Lithography was the first fundamentally new printing technology since the invention of relief printing in the 15th Century. Alois Senefelder invented it in Germany in 1798. He was a comedic playwright looking for a way to publish multiple copies of his works. Realizing the commercial possibilities of this technique, Senefelder patented it a year later in Munich. Within 20 years lithography appeared in England and the United States.
Although lithography enjoyed early commercial success as a leading method of printing books, magazines and newspapers, it took a while longer to be accepted as a legitimate art form. In the 19th and early 20th century many people saw it only as a less expensive means to own a work of art by a well-known painter. However many European artists began experimenting with lithography soon after its invention in 1798. They liked the spontaneous effect they could achieve by drawing directly on the printing surface. Some of these early masters included Eugene Delacroix, Pierre Bonnard, Henri de Toulouse-Lautrec and Edvard Munch.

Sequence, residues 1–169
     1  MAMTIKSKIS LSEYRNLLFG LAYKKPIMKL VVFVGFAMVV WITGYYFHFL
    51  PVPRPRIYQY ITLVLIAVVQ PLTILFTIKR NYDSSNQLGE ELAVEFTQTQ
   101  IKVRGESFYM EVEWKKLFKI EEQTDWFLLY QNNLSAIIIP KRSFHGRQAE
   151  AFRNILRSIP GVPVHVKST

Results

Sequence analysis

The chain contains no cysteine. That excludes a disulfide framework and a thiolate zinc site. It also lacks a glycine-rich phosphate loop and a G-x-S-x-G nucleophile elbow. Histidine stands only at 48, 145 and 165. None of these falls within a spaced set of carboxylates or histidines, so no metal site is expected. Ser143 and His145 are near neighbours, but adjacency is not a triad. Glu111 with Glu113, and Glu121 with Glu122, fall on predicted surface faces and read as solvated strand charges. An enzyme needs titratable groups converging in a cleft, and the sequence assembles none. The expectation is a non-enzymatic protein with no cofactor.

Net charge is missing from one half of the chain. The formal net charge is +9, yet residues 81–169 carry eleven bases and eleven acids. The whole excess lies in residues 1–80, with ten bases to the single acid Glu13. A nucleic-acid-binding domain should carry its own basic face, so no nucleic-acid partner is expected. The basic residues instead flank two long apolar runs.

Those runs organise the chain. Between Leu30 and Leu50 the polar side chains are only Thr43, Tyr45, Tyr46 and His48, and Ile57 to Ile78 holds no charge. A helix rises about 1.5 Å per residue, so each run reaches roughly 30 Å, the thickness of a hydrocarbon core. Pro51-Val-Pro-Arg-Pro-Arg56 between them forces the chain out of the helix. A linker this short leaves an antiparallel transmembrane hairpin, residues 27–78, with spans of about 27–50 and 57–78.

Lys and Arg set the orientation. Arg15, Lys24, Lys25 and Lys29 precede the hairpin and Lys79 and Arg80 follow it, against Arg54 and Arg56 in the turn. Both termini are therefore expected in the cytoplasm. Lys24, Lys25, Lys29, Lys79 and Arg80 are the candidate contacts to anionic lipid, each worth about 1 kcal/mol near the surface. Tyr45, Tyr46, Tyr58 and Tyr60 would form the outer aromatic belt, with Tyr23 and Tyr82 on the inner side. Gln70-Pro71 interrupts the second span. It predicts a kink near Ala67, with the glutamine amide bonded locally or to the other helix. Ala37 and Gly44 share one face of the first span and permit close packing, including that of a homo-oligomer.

Today it has come to be seen as a well-respected art form with very unique expressive capabilities. Many artists combine lithography with other printmaking processes, such as silk-screen. Some leading lithographers of the 1900's included Marc Chagall, Edvard Munch, Pablo Picasso, Willem de Kooning, Jasper Johns and Robert Rauschenberg to name only a few.